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Today's Stichomancy for Soren Kierkegaard

The first excerpt represents the element of Air. It speaks of mental influences and the process of thought, and is drawn from At the Sign of the Cat & Racket by Honore de Balzac:

all grinned with mischief as they looked down on the loiterer, and sprinkled him with a fine white shower of which the scent proved that three chins had just been shaved. Standing on tiptoe, in the farthest corner of their loft, to enjoy their victim's rage, the lads ceased laughing on seeing the haughty indifference with which the young man shook his cloak, and the intense contempt expressed by his face as he glanced up at the empty window-frame.

At this moment a slender white hand threw up the lower half of one of the clumsy windows on the third floor by the aid of the sash runners, of which the pulley so often suddenly gives way and releases the heavy panes it ought to hold up. The watcher was then rewarded for his long

The second excerpt represents the element of Fire. It speaks of emotional influences and base passions, and is drawn from Allan Quatermain by H. Rider Haggard:

looked at him with great eyes, and I saw that he was bewitched by her beauty. Then she stretched out her hand and he kissed it, whereon I gathered myself together to advance and take her, seeing that now had Bougwan become a woman, and no longer knew the good from the evil, when behold! she was gone.'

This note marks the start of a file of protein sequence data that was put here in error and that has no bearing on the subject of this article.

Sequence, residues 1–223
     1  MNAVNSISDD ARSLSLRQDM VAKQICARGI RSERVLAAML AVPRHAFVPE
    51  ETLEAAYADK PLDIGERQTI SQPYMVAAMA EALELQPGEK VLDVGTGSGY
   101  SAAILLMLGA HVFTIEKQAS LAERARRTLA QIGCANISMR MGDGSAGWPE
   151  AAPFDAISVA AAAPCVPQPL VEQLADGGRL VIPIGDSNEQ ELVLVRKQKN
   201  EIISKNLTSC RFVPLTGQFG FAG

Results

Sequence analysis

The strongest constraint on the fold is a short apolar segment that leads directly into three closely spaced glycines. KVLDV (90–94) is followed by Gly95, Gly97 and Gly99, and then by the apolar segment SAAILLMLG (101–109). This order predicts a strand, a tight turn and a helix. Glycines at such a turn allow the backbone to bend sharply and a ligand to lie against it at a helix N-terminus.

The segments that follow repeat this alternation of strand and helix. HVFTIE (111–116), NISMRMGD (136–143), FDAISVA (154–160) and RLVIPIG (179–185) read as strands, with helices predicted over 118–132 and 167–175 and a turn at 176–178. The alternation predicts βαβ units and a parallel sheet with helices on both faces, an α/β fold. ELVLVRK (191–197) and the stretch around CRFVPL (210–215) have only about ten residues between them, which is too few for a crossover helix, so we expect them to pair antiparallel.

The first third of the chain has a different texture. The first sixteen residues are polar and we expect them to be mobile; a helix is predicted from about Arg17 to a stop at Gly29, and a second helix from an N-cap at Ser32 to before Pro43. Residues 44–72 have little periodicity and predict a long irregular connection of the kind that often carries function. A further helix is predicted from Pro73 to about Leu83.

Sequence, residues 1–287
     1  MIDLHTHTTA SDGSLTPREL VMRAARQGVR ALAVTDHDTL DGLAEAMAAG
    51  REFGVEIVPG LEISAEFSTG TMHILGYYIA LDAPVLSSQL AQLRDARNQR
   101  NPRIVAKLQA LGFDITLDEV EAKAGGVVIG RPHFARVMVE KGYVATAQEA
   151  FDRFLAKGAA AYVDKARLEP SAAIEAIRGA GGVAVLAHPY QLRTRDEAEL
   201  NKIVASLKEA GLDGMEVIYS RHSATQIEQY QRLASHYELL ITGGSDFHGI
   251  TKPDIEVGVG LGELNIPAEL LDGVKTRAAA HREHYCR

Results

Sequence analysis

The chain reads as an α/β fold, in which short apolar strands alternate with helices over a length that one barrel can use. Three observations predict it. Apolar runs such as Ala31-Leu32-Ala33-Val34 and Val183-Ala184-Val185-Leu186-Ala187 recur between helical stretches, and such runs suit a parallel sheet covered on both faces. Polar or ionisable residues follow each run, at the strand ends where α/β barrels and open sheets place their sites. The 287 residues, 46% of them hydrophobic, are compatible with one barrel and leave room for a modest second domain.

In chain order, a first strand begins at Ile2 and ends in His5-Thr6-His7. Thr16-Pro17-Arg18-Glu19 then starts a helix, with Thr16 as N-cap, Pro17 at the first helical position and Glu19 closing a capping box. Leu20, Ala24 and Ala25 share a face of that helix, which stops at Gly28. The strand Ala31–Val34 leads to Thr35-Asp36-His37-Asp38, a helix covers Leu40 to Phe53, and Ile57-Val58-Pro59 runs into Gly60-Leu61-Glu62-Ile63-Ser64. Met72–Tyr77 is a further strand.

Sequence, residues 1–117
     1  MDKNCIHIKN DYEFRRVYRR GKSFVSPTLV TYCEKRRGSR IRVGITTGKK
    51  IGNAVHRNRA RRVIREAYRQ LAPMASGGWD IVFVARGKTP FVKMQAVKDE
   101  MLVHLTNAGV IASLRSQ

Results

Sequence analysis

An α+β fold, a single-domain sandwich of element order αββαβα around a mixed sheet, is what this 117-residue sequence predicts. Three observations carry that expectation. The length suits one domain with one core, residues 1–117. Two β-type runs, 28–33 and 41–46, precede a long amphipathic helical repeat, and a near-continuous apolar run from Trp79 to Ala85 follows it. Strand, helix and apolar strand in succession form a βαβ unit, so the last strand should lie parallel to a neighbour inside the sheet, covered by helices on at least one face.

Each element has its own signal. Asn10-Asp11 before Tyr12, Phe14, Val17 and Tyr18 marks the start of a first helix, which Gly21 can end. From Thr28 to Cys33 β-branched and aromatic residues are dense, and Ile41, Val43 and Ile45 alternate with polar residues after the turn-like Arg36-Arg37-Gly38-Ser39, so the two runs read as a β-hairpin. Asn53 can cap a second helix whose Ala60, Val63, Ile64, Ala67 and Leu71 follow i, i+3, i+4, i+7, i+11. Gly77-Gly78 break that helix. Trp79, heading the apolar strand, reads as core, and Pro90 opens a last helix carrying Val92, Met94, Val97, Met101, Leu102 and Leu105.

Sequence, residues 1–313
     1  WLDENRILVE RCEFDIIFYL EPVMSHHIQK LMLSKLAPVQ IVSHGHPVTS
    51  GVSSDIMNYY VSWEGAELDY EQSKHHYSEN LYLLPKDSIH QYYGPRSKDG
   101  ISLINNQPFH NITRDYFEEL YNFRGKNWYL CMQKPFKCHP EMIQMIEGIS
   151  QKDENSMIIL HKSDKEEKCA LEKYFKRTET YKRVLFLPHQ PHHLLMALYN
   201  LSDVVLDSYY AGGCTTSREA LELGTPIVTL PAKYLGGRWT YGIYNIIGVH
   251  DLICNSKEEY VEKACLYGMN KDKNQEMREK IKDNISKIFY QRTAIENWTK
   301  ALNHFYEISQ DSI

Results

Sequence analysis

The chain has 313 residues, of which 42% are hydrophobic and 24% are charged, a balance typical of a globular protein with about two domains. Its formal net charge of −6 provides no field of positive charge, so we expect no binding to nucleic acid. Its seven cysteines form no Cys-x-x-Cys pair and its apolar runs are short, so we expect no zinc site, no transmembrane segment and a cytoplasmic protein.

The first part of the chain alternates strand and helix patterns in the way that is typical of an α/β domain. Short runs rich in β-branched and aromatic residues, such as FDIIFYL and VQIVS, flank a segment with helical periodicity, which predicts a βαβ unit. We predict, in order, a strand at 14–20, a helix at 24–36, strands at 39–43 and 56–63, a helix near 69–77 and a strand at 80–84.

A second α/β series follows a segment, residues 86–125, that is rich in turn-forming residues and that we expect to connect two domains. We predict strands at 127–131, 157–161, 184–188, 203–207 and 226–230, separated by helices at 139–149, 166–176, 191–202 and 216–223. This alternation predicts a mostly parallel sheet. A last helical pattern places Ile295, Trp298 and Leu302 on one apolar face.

'Gone!' I ejaculated.

'Ay, gone, and there stood Bougwan staring at the wall like one asleep, and presently he went too, and I waited a while and came away also.'

'Art thou sure, Umslopogaas,' said I, 'that thou hast not been a dreamer this night?'


Allan Quatermain
The third excerpt represents the element of Water. It speaks of pure spiritual influences and feelings of love, and is drawn from In a German Pension by Katherine Mansfield:

dining-room and left the servant girl to take the doctor upstairs. He sat down, poured out some coffee, and bit through half a roll before helping himself to fish. Then he noticed there was no hot plate for the fish--the whole house was at sixes and sevens. He rang the bell, but the servant girl came in with a tray holding a bowl of soup and a hot plate.

"I've been keeping them on the stove," she simpered.

"Ah, thanks, that's very kind of you." As he swallowed the soup his heart warmed to this fool of a girl.

"Oh, it's a good thing Doctor Erb has come," volunteered the servant girl, who was bursting for want of sympathy.

"H'm, h'm," said Andreas.

The fourth excerpt represents the element of Earth. It speaks of physical influences and the impact of the unseen on the visible world, and is drawn from Vailima Prayers & Sabbath Morn by Robert Louis Stevenson:

come to rest. We resign into thy hands our sleeping bodies, our cold hearths, and open doors. Give us to awake with smiles, give us to labour smiling. As the sun returns in the east, so let our patience be renewed with dawn; as the sun lightens the world, so let our loving-kindness make bright this house of our habitation.

ANOTHER FOR EVENING

LORD, receive our supplications for this house, family, and country. Protect the innocent, restrain the greedy and the treacherous, lead us out of our tribulation into a quiet land.

Look down upon ourselves and upon our absent dear ones. Help us and them; prolong our days in peace and honour. Give us health,